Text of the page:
- Julian Assange is in Sweden and reportedly has sex with two different women.
- The Swedish Prosecutor's Office issues an arrest warrant for him following two separate allegations (one of rape and the other of molestation).
- Assange denies the allegations against him.
- Stockholm District Court approves a request to detain Assange for questioning on suspicion of rape, sexual molestation, and unlawful coercion.
- Assange is not present at the questioning and Swedish police issue an international arrest warrant via Interpol.
Many of Assange's supporters have protested against his detention. Photo: TT
- Assange gives himself up to London police and is taken to an extradition hearing.
- He is put in custody pending another hearing and later granted bail but prosecutors appeal and he is sent back to jail until a higher court can consider the issue.
- He is later granted bail and his supporters pay to have him freed for £240,000 (2,853,092 million kronor).
- A court in south London rules that Assange should be deported to Sweden, something his lawyers appeal against the following month.
- After the Supreme Court in London rules that Assange should be deported to Sweden to face questioning, Assange is granted political asylum at the Ecuadorian embassy in London.
- Assange asks Stockholm District Court to reconsider his arrest warrant. The court says the warrant should stay in place, but Assange appeals the decision.
- The Svea Court of Appeal in Stockholm considers Assange's appeal
- The chief prosecutor responds to the appeal on Monday October 27th and Assange's legal team is given a week to look over her response.
- Assange's legal team are given extra time to respond to the prosecutor's letter, with the court set to issue a final decision on November 20th.
- On November 20th, a Stockholm court upholds the arrest order for Julian Assange who remains wanted for questioning over alleged sex crimes in Sweden.
- Assange's lawyer tells The Local he now plans to take the case to Sweden's Supreme Court.
- Assange's lawyer formally takes his case to the Supreme Court in a final bid to persuade a Swedish judge that the arrest warrant against the Wikileaks founder could be lifted. However even if this case is thrown out, legal proceedings could continue.
- Following up on an announcement saying it would consider Assange's case, Sweden's Supreme Court formally confirms it will hear his bid to overturn his arrest warrant.
- Sweden's Supreme Court rejects Assange's bid to have the European arrest warrant against him overturned, citing "strong public interest" to investigate the alleged sexual offences.
- Swedish prosecutors reveal they have submitted a request to British and Ecuadorian authorities to question WikiLeaks founder Julian Assange in London in June or July over rape allegations. The talks do not take place, with Swedish officials saying they were not granted permission.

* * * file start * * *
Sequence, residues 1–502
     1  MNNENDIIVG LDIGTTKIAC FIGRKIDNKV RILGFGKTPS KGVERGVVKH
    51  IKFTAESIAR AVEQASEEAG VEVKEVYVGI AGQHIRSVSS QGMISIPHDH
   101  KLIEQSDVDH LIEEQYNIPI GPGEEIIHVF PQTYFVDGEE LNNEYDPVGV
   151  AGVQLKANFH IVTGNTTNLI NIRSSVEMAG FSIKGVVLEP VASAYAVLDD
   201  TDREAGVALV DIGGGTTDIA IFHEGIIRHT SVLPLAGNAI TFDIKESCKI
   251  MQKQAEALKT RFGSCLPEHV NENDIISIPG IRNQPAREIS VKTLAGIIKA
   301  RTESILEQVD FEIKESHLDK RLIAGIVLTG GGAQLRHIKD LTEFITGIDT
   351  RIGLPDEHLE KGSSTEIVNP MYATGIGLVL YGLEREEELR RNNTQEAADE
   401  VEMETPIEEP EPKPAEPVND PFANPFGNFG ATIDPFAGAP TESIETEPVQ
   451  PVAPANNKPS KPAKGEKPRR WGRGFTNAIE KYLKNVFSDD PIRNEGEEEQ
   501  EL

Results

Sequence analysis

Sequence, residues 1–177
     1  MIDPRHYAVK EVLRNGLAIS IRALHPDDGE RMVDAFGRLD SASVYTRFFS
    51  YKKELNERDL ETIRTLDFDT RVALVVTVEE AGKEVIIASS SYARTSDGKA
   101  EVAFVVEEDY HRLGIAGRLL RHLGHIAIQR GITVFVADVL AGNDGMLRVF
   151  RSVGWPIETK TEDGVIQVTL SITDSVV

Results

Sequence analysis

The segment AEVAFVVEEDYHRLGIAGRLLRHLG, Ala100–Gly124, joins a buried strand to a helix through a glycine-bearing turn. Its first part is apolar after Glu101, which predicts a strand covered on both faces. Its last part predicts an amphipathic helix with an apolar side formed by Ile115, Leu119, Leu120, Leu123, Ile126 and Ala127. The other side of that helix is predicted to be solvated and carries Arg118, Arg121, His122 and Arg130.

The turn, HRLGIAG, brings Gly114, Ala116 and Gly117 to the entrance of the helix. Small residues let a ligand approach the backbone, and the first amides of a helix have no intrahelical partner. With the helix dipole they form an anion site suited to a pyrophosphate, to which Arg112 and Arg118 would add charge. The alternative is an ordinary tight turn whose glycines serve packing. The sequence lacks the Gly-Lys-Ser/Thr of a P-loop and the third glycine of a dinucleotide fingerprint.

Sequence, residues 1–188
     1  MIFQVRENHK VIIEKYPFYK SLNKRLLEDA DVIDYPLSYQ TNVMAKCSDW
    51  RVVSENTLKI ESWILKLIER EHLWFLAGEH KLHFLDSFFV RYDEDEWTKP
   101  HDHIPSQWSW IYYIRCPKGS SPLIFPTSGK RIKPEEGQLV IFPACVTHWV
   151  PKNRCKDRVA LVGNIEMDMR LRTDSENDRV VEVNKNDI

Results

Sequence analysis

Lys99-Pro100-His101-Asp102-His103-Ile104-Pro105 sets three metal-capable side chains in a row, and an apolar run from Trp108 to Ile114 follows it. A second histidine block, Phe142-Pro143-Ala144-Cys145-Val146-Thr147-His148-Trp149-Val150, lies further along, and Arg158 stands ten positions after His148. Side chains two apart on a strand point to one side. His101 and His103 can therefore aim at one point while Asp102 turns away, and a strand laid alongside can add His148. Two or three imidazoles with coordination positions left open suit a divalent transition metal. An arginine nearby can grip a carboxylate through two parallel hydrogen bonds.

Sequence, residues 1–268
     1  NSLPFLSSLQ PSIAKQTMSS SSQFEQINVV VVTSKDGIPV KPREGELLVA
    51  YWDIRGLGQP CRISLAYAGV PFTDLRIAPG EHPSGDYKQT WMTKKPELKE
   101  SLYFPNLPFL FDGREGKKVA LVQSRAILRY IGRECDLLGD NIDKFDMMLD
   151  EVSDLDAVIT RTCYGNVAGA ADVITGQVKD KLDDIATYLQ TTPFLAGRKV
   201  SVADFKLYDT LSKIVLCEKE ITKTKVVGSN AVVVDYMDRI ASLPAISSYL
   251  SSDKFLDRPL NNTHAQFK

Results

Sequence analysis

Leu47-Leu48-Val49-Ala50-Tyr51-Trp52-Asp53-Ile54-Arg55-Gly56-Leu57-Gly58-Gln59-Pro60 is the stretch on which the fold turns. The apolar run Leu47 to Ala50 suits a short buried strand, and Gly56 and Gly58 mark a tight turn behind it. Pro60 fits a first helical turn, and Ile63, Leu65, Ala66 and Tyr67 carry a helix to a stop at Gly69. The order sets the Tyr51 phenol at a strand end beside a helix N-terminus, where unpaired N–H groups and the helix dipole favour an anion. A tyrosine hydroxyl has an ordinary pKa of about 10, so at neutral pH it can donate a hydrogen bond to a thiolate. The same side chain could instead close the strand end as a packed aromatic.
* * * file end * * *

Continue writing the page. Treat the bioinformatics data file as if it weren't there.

- The Ecuadorian embassy in London says in a statement that “on no occasion has any representative of the Kingdom of Sweden presented themselves at the embassy in relation to the Assange matter”.
- Sweden drops probes into two allegations after the charges expire in Sweden.
- Swedish and Ecuadorian officials meet in Stockholm to hammer out a judicial agreement which, although general in terms, could pave the way for prosecutors to quiz the WikiLeaks founder at Quito's London embassy.
Julian Assange has been living at the Ecuadorian embassy in London for two years. Photo: TT
- British police announce that they will no longer fund round-the-clock guards outside the Ecuadorian embassy where Assange is staying
- Ecuador says Britain has refused Assange safe passage for a medical checkup after he reported a sharp pain in his right shoulder.
- Sweden and Ecuador sign a preliminary agreement paving the way for Swedish prosecutors to question Assange.
- Assange urges Sweden and Britain to let him leave the embassy in London after a UN panel rules he has been "arbitrarily detained" there for approaching four years. However, both countries reject the ruling. He later files a report to Stockholm District Court, asking it to drop the arrest warrant.
- Swedish prosecutor Marianne Ny says she will not be swayed by the UN panel's decision, adding that she is working on a new request to Ecuador to let her team interview Assange inside the embassy.
- Stockholm District Court upholds the arrest warrant against Assange.
- Assange supporters mark the start of his fifth year in Ecuador's embassy. Participants include Patti Smith, Brian Eno, PJ Harvey, Noam Chomsky, Yanis Varoufakis, Ai Weiwei, Vivienne Westwood, Michael Moore and Ken Loach.
- Assange appeals Stockholm District Court's decision to maintain his arrest warrant to Svea Court of Appeals.
- Ecuador says it will allow Swedish prosecutors to interview him in London.
- Swedish prosecutor Marianne Ny, who is running the investigation, holds a press conference about the Assange case, saying she "saw no reason to give him special treatment".
- Ecuador says that Swedish investigators will travel to its London embassy to begin interrogating Assange on October 17th. The questions will be put to him by an Ecuadoran prosecutor.